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This article is from the Dictionary of North Carolina Biography, 6 volumes, edited by William S. Powell. Copyright ©1979-1996 by the University of North Carolina Press. Used by permission of the publisher. For personal use and not for further distribution. Please submit permission requests for other use directly to the publisher.

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Hobbs, Samuel Huntington, Jr.

by Jerrold M. Hirsch, 1988

4 Feb. 1895–16 Nov. 1969

"Samuel Huntington Hobbs, Jr." Photograph. Portrait Collection #P0002, North Carolina Collection Photographic Archives, The Wilson Library, University of North Carolina at Chapel Hill.Samuel Huntington Hobbs, Jr., rural sociologist, was born on a family farm near Clinton, the first son and second child of seven children of Samuel Huntington and Mary Broddy Hobbs. His father, a leading Sampson County farmer, was active in the North Carolina Cotton Growers Association and the National Farmers Union, and served from 1929 to 1931 as the county's Democratic representative in the state senate. On the farm where he grew up and helped his father with the chores, Hobbs received practical lessons in rural social economics. Hobbs's father also played an important role in his son's formal education. For two years, Hobbs attended classes in a school his father had established on the family farm. Later, he was a student at the newly formed public schools, which offered instruction only through the tenth grade. In 1913, after a year at Elon College, Hobbs entered The University of North Carolina where he received a B.A. degree in 1916.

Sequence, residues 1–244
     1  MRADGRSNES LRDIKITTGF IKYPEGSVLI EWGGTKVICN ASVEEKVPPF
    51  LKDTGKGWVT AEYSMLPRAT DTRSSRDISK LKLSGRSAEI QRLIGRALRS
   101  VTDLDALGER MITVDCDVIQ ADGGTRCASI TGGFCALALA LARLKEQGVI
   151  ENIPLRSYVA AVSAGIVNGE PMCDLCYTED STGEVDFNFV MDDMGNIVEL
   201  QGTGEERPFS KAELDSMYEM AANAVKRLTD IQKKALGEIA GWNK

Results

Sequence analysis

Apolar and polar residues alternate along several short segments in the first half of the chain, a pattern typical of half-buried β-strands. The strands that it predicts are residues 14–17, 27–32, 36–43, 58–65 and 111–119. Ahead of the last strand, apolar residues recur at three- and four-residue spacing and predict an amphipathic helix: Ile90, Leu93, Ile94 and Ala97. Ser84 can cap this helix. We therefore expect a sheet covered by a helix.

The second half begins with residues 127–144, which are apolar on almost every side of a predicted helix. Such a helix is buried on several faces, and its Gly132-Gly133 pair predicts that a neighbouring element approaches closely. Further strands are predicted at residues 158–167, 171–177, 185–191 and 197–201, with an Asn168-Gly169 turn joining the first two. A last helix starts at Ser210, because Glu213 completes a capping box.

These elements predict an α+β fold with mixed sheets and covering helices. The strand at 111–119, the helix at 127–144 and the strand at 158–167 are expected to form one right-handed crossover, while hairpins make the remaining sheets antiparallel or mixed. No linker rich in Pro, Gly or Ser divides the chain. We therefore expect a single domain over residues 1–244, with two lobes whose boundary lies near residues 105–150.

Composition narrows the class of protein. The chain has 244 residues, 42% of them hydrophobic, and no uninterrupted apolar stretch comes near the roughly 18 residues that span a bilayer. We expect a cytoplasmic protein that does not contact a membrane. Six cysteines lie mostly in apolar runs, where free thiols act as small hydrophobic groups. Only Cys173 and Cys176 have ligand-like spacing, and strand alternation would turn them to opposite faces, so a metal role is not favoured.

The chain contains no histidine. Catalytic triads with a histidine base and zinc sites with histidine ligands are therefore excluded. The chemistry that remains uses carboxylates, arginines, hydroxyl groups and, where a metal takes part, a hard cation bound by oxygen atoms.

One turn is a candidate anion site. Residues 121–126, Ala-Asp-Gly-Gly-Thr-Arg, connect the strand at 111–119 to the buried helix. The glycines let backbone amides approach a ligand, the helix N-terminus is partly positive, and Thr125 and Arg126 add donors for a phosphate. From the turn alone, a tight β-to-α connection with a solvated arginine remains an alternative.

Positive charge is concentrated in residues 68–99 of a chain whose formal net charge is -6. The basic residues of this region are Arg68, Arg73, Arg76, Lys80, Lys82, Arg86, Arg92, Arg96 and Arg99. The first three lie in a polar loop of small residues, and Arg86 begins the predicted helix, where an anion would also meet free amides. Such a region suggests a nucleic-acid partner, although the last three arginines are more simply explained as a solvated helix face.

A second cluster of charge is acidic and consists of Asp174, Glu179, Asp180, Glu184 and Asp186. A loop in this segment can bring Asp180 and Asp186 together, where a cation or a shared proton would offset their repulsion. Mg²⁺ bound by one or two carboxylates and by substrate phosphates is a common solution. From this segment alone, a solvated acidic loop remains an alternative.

Although Hobbs had majored in geology, E. C. Branson, head of the Department of Rural Social Economics, offered him a job as instructor. Hobbs accepted the position and completed his master's thesis, "Gaston County: Economic and Social," the following year. Except for two years in the navy during World War I and a year at the University of Wisconsin to complete his doctoral degree (1928), Hobbs never left The University of North Carolina, where he taught for fifty-two years.

Not long after Hobbs joined the department, Branson began referring to him as "my right hand man." Branson also likened their relationship to that of a father and son. Hobbs later named one of his sons after Branson. Hobbs was Branson's choice to succeed him as head of the department, a position Hobbs held from 1933 to 1939, when the department was merged with the Department of Sociology. His teaching, writing, editing, and public service activities all reflected the influence of his mentor and friend.

The work of Branson and Hobbs was a significant part of the university's effort to aid the people of North Carolina by improving economic and social conditions in the state. This idea of service to the state led to the university's designation, "the Wisconsin of the South." While completing his graduate studies at the University of Wisconsin, Hobbs had an opportunity to see how the university that pioneered in service to the state worked. Under his direction, the Department of Rural Social Economics at Chapel Hill continued to develop a library of information about the state and region, to conduct state and regional studies, and to answer calls for information from citizens and state institutions.